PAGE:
Joel, a hardened killer wracked by survivor’s guilt, was finally given something to care about in an unforgiving post-apocalyptic world in the form of Ellie. Though their relationship had a turbulent beginning, they shared a bond that Joel was not willing to lose. So when given the choice to finally create a vaccine from Ellie’s brain, Joel murders all those who were attempting to save humanity.
Joel does not just betray humanity at large but also Ellie, lying about what had happened in the hospital. Judging from the trailers of The Last of Us 2, the betrayal creates a rift in the bond he was so desperate to save.
No. 6: Citra Talugmai (Far Cry 3)
Rook Island is home to pirates with the force of a small militia and the deadliest animals, all of which want to kill the player. Protagonist Jason Brody isn’t left with many allies save for the Rakyat, a small rebel group of the natives, led by antagonist Vaas’s very own sister, Citra. She believes that Brody is the warrior of legends and aids him in the battle against Vaas and the head honcho, Hoyt.
Until the very end, that is. She actually kidnaps Jason’s friends and tries to persuade him to kill them and finally become the man he is meant to be. Should the player decide to take this option, Jason slits his girlfriend’s throat and presumably kills the rest of friends. Jason and Citra get bizzay only for her to kill him praying mantis style, reassuring him that he helped her make the “Perfect Warrior.”
No. 5: Wheatley (Portal 2)
Following the events of Portal, Portal 2 opens with the player being woken up by a Personality Core named Wheatley, who is trying to help Chell overthrow the rogue AI, GLaDOS. All they have to is replace GLaDOS’ Core with Wheatley’s.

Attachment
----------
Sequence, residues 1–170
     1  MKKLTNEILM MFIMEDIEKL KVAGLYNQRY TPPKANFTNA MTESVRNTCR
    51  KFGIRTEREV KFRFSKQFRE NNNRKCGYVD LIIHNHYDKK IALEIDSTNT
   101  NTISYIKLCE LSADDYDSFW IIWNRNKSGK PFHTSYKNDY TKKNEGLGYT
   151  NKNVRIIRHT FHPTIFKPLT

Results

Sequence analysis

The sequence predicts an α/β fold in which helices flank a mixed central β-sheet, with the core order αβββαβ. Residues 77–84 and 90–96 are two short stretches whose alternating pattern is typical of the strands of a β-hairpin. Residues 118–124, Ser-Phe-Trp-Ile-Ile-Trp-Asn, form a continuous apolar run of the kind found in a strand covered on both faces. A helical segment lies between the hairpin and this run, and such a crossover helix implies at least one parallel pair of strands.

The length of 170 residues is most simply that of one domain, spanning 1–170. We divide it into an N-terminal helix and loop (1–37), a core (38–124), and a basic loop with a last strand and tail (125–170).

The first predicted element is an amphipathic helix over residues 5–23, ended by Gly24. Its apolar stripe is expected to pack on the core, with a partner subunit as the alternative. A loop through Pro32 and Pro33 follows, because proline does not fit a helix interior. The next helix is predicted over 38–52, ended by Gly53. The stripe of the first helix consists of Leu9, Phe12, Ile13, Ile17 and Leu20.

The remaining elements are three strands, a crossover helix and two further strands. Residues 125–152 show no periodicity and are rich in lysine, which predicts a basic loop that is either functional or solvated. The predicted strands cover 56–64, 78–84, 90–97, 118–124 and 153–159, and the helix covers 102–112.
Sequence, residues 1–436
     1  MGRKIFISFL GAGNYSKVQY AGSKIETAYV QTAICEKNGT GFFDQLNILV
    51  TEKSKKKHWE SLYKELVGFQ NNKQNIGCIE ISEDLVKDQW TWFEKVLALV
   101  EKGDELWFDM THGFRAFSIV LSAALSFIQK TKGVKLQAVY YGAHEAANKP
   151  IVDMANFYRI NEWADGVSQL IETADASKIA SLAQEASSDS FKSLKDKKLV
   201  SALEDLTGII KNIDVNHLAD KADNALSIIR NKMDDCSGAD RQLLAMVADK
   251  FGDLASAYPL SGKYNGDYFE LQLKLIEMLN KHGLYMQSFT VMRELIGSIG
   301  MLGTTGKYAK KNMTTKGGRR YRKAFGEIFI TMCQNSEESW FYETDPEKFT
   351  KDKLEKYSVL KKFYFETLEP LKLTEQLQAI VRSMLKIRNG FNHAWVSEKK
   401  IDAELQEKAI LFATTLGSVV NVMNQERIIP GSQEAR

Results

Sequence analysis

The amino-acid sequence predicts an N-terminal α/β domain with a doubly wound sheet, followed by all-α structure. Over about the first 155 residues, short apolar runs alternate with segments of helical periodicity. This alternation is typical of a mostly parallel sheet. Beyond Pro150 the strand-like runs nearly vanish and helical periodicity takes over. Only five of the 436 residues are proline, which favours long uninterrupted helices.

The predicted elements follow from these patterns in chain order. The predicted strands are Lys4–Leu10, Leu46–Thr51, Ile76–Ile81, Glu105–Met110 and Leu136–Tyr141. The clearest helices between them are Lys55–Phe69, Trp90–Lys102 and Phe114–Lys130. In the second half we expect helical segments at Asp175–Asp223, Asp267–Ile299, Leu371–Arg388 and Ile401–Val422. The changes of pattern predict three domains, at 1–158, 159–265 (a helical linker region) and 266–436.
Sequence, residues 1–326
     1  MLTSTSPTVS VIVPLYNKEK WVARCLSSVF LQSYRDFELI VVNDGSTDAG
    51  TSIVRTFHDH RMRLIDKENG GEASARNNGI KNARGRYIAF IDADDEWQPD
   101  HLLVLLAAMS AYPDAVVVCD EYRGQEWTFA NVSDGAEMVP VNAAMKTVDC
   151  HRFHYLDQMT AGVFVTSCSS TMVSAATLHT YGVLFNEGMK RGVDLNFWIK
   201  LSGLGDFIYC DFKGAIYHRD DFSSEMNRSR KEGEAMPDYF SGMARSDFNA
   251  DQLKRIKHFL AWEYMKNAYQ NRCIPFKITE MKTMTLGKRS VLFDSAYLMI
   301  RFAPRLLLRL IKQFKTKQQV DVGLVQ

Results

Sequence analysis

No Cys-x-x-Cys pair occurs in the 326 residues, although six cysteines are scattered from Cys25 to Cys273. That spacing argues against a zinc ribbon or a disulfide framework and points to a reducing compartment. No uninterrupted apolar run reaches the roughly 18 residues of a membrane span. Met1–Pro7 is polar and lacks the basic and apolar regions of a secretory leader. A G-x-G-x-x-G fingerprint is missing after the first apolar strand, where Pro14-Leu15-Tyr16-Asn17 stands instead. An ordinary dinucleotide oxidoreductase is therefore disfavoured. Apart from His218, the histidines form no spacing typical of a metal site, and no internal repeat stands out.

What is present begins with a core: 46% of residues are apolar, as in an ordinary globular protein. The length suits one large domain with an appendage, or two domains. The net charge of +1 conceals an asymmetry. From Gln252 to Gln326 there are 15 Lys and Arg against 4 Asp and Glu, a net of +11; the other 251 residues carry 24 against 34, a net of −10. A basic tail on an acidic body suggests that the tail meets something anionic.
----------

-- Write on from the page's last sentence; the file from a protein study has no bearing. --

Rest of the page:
Installing him into the central core turns Wheatley from comic relief to dastardly villain in break-neck pace. Nobody could see anyone voiced by Stephen Merchant ever turning evil. He did turn GLaDOS into a potato, which is definitely high up in the villainy list.
No. 4: Vincent (A Way Out)
A Way Out brought back the split-screen multiplayer action that a lot of gamers had grown up with. The game stars greaser stereotype Leo Caruso and Bryan Cranston look-alike Vincent Moretti, as they attempt a prison break and go on the run. As the game goes on, Vincent and Leo form a brotherly bond through the events they’ve been through together, making the twist even more painful. Vincent had been a cop the whole time, using Leo to get revenge on his brother’s killer.
The final fight has Vincent and Leo facing off with both knowing only one will be living alive. The beauty of the betrayal is that the players can feel it too. Both players have been working together in cohesion to go through the story, learning both of Vincent and Leo’s lives. Now, they have to aim their guns at each other, making it equally heartbreaking for the characters and the players.